A little different from our usual content. This video is a Ted talk by James Balog, who is a nature photographer with over 40 years of experience.
In the video, James presents time-lapse proof of extreme ice loss in the polar ice caps.
The video was shot by what is called the ‘Extreme Ice Survey’, a network of time-lapse cameras set up to recording glaciers that are receding at an alarming rate. This video is put forward as evidence of climate change.
It doesn’t matter where you sit politically on the climate change debate. I think we can all appreciate the great work in creating this time-lapse video footage.
Extreme Ice Survey
James founded the Extreme Ice Survey program project in 2007, as part of the Earth Vision Institute. The goals of the program are to provide scientists with much-needed data on climate change, along with educating the public with first-hand evidence on how fast the earth is changing.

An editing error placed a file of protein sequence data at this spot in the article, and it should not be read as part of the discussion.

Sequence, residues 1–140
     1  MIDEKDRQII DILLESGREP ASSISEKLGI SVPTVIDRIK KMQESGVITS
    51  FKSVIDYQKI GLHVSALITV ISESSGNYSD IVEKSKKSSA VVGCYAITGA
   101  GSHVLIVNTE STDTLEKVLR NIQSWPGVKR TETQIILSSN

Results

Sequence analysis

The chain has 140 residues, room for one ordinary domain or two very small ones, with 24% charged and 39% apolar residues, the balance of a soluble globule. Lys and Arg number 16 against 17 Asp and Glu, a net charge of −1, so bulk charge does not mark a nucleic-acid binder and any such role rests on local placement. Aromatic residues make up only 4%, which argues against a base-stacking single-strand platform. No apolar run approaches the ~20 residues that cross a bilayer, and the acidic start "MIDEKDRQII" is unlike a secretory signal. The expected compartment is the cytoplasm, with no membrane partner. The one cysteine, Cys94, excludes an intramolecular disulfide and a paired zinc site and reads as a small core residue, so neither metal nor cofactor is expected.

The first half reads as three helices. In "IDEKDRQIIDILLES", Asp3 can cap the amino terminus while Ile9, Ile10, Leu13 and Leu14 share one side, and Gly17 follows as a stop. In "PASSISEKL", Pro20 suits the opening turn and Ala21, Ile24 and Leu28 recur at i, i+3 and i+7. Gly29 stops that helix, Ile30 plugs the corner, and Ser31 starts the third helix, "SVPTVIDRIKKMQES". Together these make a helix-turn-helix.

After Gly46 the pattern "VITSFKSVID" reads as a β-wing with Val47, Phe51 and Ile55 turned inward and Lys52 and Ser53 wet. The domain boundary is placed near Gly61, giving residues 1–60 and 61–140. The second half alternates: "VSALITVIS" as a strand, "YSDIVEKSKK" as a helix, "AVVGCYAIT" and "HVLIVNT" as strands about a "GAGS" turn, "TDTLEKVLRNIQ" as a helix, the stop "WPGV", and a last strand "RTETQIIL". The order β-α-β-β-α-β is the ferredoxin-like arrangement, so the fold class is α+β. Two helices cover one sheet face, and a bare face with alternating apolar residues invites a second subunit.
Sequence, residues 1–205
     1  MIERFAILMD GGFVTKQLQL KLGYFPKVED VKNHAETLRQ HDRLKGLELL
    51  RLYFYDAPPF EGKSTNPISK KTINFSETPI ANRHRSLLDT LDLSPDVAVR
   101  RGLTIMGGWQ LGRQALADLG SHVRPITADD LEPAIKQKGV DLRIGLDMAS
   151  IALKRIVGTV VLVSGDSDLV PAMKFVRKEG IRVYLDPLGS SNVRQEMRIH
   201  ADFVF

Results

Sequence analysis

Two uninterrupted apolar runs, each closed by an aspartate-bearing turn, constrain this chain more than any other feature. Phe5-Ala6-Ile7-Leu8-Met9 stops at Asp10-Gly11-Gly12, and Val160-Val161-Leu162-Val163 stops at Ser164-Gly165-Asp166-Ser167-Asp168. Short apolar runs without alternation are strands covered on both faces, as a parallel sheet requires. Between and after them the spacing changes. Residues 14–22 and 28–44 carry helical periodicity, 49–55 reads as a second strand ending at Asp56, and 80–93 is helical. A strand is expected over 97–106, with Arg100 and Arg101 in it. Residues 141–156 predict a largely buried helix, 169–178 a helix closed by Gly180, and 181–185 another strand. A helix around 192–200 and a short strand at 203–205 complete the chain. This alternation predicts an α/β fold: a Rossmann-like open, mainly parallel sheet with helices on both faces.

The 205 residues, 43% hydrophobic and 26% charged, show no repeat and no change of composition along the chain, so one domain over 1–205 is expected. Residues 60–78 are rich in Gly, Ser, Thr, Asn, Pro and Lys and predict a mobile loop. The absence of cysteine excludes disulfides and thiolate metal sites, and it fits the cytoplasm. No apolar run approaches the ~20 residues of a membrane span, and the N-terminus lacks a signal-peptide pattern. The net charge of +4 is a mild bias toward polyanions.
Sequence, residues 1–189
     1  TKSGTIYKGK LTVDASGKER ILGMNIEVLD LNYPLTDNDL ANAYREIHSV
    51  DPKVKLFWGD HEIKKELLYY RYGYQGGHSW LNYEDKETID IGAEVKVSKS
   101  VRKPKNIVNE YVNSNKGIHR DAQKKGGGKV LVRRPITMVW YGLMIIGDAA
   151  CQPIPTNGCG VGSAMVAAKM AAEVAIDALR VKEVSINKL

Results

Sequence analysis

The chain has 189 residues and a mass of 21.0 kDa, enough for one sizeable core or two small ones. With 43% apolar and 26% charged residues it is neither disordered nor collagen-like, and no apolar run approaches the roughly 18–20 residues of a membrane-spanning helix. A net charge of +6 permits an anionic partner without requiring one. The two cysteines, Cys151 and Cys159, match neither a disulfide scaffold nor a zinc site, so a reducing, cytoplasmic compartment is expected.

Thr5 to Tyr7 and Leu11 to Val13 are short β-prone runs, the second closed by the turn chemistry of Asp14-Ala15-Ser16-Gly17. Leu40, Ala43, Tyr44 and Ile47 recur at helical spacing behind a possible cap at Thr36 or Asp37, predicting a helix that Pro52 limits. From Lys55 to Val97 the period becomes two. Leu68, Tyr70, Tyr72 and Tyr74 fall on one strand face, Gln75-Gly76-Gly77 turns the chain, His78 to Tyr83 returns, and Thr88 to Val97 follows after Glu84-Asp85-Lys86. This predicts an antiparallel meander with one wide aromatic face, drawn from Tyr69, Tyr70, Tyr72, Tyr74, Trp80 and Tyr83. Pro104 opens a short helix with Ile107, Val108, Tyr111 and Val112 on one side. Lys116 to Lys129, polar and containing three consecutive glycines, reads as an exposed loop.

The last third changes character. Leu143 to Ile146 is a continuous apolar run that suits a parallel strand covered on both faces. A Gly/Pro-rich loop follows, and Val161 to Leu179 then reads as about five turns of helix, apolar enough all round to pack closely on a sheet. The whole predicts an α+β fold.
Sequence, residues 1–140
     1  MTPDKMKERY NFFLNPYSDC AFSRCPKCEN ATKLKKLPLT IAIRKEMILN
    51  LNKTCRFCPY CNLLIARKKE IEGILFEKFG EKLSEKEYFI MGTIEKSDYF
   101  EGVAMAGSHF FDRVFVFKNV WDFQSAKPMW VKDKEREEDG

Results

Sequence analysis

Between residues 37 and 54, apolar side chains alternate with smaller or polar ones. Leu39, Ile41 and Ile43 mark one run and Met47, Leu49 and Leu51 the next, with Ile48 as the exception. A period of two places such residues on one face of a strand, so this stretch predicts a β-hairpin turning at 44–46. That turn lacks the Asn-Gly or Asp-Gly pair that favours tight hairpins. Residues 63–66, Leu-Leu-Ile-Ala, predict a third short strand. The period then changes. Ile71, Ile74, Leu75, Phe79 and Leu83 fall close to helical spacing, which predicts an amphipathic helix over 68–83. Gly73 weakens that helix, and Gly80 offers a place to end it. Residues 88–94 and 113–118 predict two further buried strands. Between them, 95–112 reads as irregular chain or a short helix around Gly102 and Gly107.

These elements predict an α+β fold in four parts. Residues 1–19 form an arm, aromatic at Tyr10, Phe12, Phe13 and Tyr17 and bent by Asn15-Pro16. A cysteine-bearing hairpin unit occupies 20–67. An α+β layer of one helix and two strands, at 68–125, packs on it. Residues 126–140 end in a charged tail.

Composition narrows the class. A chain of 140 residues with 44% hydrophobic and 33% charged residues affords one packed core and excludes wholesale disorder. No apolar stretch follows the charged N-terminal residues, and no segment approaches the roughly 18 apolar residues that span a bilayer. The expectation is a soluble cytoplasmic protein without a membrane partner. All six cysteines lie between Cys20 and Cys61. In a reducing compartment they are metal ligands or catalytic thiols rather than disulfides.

Filming a long-term time-lapse sequence in an environment like antartica like this is no easy feat. Not only do you have to find a way to power your camera(s) for weeks or even months on end, but everything has to keep working in extreme weather conditions and temperatures as low as -76°F (-60°C).
This ambitious project includes 27 individual Nikon D200 cameras anchored to cliff faces overlooking the glaciers.
Each camera is housed in a waterproof and dust-proof pelican case, powered by a battery and solar panel (to keep the battery topped-up).
In order to stand up to the harsh arctic winds, the camera units are secured with a complex system of anchors and guy-wires.
Custom software triggers each camera to take a picture every hour, but only during daylight hours. Each camera takes a total of around 8,000 photos each year.